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Analysis of Multiplexed Neural Codes Using the Laplacian Pyramid Decomposition

Research output: Contribution to conferenceAbstract

Original languageEnglish
Number of pages1
DOIs
Publication statusPublished - 15 Sep 2015
EventBernstein Conference 2015 -
Duration: 25 Sep 201528 Sep 2015

Conference

ConferenceBernstein Conference 2015
Period25/09/1528/09/15

Abstract

Recent studies have pointed out that the neural code may use multiplexing to encode unique information at different temporal scales of spike trains [1]. However, how to mathematically separate out the different components of a neural code and to identify the unique contribution of each time scale to sensory coding and behaviour has remained an open challenge [2].

Here we investigated this problem by developing a novel approach to spike train analysis based on a popular image compression method, the Laplacian Pyramid Decomposition (LPD) [3]. This technique allows us to express the neuronal response in a basis that characterises different temporal scales (see figure).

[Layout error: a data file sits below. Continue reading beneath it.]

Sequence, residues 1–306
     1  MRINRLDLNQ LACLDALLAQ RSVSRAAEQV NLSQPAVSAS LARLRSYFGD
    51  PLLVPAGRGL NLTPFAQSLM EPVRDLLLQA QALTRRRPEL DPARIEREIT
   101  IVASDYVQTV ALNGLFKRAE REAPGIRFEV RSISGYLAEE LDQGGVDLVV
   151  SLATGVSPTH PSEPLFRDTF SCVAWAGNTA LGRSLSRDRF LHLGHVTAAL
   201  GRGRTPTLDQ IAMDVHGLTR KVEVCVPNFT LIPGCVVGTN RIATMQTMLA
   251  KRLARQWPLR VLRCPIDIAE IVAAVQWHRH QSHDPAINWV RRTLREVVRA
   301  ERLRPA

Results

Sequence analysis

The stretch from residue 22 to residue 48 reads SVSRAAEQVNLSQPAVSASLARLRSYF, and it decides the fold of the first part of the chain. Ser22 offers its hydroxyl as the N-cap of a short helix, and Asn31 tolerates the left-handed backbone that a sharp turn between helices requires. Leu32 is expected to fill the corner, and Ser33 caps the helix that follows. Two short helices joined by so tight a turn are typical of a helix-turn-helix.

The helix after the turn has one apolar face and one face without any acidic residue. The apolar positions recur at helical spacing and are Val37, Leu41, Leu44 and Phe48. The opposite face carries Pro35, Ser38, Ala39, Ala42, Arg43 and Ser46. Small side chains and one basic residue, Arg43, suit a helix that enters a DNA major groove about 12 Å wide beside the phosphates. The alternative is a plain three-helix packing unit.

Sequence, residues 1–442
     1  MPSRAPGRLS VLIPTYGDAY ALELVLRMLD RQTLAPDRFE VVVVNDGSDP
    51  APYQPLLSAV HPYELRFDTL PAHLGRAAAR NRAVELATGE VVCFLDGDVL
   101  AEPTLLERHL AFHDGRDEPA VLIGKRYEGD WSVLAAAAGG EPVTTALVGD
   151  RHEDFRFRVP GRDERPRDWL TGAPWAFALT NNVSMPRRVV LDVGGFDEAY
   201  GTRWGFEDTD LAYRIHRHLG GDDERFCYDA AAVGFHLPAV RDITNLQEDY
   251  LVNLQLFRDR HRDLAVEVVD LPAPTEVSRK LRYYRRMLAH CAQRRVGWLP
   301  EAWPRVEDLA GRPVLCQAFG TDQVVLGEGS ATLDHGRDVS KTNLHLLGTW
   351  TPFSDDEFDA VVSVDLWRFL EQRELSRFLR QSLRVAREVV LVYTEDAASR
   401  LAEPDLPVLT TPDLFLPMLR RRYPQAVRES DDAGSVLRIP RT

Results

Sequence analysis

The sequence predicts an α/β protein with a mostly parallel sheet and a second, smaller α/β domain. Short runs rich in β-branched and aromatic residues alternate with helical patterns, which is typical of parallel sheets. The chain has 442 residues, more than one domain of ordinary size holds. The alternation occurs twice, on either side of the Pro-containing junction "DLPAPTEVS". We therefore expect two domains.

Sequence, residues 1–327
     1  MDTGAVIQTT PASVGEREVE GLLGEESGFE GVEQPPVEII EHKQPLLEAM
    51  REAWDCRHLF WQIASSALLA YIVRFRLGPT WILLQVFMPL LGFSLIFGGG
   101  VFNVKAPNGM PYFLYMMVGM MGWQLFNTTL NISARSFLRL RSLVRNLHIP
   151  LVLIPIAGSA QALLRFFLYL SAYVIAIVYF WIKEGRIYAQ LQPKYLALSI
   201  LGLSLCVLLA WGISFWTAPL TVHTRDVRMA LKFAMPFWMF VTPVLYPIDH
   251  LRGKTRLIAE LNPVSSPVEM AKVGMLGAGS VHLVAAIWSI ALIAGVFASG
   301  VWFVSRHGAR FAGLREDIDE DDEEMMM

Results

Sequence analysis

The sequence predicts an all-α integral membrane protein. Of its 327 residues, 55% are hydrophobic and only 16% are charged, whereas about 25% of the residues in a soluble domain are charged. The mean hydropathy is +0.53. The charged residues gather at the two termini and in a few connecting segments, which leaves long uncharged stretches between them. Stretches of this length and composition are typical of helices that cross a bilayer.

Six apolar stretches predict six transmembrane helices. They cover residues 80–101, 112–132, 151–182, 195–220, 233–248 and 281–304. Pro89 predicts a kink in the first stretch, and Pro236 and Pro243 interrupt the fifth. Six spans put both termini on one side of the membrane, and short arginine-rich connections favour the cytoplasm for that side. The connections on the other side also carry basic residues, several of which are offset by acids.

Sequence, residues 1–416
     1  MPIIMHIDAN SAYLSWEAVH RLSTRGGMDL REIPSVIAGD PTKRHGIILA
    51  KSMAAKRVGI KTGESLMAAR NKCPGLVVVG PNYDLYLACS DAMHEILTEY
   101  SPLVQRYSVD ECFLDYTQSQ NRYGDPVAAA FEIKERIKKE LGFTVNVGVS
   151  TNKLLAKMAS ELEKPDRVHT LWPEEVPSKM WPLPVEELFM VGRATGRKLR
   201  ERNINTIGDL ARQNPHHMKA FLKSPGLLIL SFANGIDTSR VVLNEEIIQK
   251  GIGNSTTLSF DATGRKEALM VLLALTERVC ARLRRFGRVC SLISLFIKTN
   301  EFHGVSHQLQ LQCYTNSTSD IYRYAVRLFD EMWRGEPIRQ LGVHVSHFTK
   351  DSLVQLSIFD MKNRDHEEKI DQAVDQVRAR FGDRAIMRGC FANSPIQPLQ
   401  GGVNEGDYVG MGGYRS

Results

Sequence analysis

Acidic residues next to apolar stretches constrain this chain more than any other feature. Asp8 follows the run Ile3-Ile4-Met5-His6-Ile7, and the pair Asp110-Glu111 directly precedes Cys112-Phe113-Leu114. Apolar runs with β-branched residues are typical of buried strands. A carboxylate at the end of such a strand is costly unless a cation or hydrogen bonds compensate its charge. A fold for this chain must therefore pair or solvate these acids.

Using the LPD as a framework, we have analytically calculated the information contained in each temporal scale as follows: first, we have separated the information about the stimuli into two components: the information that each scale provides and the information that is redundant [4] across different temporal scales. In a second step, we have performed a short time-scale series expansion [5] of these two components in order to quantify the amount of information that one scale contains about another. We then showed that the first order approximation of this contamination is non-symmetric: it can be non-zero only from coarse to fine scales. Furthermore, when the stimuli do not elicit any fine pattern in the neural response, the first order components of the information contained in all scales are equal. Taking these results into account, and assuming a firing rate regime in which the first order component of the information dominates, we propose a method to attribute redundant information to a specific scale and hence obtain a well-interpretable separation of scale-specific information.

Our method aims at separating information uniquely contained in each scale and thereby provides a promising analysis method to study in detail the advantages and limitations of a multiplexed neural code.

Event

Bernstein Conference 2015

25/09/1528/09/15

Event: Conference

ID: 44996051